Early in my high school years, I broke my ankle at soccer practice. I’d just started getting playing time, and even scored a goal in a game (my first) the day before.
Then Lindsay Vetter and I went for the ball at the same second in a drill (she won), and I came down hard on my ankle. Crunch. Ouch.
After surgery, I looked forward to getting back into sports. Surely, I thought, I’d be good as new before long.
“Well,” my surgeon told me, “you’ll be almost as good as new eventually.”
This was news to me. I was fifteen years old. The age at which almost everyone feels indestructible.
Learning my limits was hard.
It still is.
Yet having limits is grace. God designed us that way out of love, not to frustrate us. He even models for us how to respect our limits – after creating all that is, he rested. Six days of work, one day of rest. Limits.
We all have limits. Physical, emotional, mental, and spiritual limits. You can tell when you’re pushing against them because your body or mind or spirit will begin to tell you, “Stop! Please stop! That’s about all I can handle!”
When you feel the nudge, that tightness in your chest, a heaviness on your shoulders, that’s the sign to respect the limit. To take a step back. To reevaluate. To rest.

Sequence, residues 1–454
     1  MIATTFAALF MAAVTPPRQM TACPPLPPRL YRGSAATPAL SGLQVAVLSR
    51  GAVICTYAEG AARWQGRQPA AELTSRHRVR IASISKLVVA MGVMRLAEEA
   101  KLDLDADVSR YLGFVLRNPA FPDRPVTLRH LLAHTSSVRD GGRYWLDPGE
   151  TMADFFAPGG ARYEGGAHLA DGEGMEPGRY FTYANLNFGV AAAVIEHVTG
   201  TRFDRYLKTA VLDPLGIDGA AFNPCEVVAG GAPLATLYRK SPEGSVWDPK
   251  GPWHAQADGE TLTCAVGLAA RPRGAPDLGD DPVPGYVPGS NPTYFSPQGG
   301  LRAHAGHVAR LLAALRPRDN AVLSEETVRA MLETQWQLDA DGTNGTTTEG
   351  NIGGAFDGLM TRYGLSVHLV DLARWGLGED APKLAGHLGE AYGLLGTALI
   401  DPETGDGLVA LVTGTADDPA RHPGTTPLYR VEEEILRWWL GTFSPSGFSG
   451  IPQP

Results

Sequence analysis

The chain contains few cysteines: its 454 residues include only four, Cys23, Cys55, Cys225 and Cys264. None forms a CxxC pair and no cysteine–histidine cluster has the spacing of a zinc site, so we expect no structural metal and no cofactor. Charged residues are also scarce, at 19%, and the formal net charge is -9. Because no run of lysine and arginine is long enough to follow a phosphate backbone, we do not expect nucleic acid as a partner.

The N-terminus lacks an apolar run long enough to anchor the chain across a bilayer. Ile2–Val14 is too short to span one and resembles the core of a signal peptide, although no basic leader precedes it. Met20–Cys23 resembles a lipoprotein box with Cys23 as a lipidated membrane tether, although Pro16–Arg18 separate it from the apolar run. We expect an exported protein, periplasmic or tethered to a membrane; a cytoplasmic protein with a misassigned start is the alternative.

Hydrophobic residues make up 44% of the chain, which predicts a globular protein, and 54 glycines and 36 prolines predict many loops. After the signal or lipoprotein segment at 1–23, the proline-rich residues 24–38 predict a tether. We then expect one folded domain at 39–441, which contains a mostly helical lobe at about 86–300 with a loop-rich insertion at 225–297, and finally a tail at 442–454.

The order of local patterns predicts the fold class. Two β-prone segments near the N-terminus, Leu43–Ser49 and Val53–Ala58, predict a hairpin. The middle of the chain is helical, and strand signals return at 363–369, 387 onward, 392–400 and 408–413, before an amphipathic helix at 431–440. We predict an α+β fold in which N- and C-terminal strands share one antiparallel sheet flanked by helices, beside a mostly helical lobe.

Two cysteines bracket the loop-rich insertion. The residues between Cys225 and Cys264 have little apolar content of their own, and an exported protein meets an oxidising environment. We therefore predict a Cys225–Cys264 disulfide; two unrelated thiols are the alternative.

Limits can be frustrating, to be sure. They don’t always make sense. Scientists still have literally no idea why we need to sleep. (My favorite answer is simply “because we get tired.”) Likewise, researchers don’t fully understand why the human body doesn’t seem to be able to make it past 120 years of age or so. Limits.
Then there are emotional limits. Why is it that I, an introvert, get tired in big groups of people so much faster than my extrovert friends? How come public speaking (one of many people’s greatest fears) doesn’t phase me, but having to make small talk for an hour can almost do me in? Limits.
My challenge this holiday season is not simply to respect my limits but to embrace them. I simply cannot sign up for every holiday event and activity and still make time for Jesus. Neither can my kids. We are finite. When the time, the energy, the evening, the date is gone, it is gone forever.
It’s not enough to keep waiting for someday, when things aren’t so busy. We can unbusy ourselves now, if we embrace our limits.
And as Annie Dillard once noted, “How we spend our days is, of course, how we spend our lives.”
Because I work in ministry, my holiday season comes with a unique calling. When most people are off from work by Christmas Eve, that’s one of the busiest days of the year for me. Yet I don’t want to take a pass on the quiet soul work of Advent just because there are sermons to write and candles to light.
So this year I’m looking ahead. I’m blocking out quiet nights on the calendar. I am saying no to the nonessentials. I’m paring back and paring down so that in the midst of the hubbub I can hear the still, small voice of the infinite God who came as a baby for me.
Limits are hard. And good. And beautiful. And absolutely necessary.
We all have them.
How can you embrace yours?